Also see

Pot Pandamonium

“Legalize Weed & Release Cornucopia”, and the litany of other broken promises.

Pot-repreneurs Not Happy with Watch Dog Report!

Decriminalize and They Will Come


Cocaine Nation – The Addiction for Profit Model

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Who is really running drug policy?

Four Corners barely uncovers what most in the prevention sector already know…

“We’ve sold to football players, professional athletes, lawyers, celebrities on TV, people in the media, surgeons, doctors, nurses…It’s so ubiquitous, even those meant to be upholding the law are using cocaine. I’ve personally seen judges take it with a glass of single malt.”

‘As Australia’s appetite for cocaine grows, dealers and traffickers like Jason are getting on with the business of meeting that demand.’

 This is the reason why we are having a War FOR Drugs! Many of those best suited to create and model a safer, healthier and more ethically sound society are the ones pretending they are above such practices and can ‘play’ in the shadows – but want to be able to come out of those shadows and use with impunity. Change the laws and you get your wish – to hell with the consequences for children, families and communities.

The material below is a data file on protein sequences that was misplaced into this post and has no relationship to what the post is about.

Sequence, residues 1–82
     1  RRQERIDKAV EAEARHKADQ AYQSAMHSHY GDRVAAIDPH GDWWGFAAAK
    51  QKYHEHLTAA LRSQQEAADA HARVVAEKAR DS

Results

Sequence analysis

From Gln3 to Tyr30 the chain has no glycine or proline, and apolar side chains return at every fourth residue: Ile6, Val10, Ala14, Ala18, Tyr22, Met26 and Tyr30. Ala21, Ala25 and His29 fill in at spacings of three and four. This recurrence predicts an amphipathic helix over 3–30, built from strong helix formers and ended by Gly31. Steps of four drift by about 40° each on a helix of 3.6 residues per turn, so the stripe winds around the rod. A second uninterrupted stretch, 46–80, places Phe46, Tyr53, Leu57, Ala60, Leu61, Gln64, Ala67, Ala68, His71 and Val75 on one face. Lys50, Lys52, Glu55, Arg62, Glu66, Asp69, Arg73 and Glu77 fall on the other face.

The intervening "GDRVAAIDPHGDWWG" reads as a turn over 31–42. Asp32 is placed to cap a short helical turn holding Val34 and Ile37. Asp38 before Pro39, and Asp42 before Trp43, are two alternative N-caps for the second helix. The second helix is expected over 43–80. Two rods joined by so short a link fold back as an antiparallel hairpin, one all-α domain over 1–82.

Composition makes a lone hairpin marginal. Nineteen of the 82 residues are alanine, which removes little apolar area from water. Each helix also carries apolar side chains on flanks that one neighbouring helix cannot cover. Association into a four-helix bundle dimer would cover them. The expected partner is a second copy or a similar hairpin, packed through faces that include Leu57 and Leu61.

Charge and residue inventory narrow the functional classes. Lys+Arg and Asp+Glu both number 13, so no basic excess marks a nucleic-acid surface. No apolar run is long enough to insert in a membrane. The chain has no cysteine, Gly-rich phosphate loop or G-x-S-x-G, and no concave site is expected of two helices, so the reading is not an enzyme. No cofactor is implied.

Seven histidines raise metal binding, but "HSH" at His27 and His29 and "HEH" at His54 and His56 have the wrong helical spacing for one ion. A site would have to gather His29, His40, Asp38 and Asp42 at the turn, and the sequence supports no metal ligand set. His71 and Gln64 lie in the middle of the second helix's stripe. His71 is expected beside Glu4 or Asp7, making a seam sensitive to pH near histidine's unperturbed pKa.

Demand Reduction is the imperative, but all ‘permission models’ do is increase demand!

(for more Cocaine Nation – ABC)

Also see Cocaine – The ‘Drug of Choice’ for the Cashed Up


Pot Pandemonium – “From crime and homelessness to schizophrenia and suicide: Mothers share how pot stole their sons.”

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The text from her son Randy that Heather Bacchus received at at 1:26 AM on July 17, 2021, seemed like good news.

“I’m quitting weed for good and want to surround myself with healthy and happy people,” he wrote. “This has been too much for me and for you guys.”

Less than an hour later, at 2:09 AM, a second text arrived.

“I love you and am sorry for everything. I love dad and the same to him. I wish I would have been a better person.”

It was his suicide note. That night, Randy killed himself.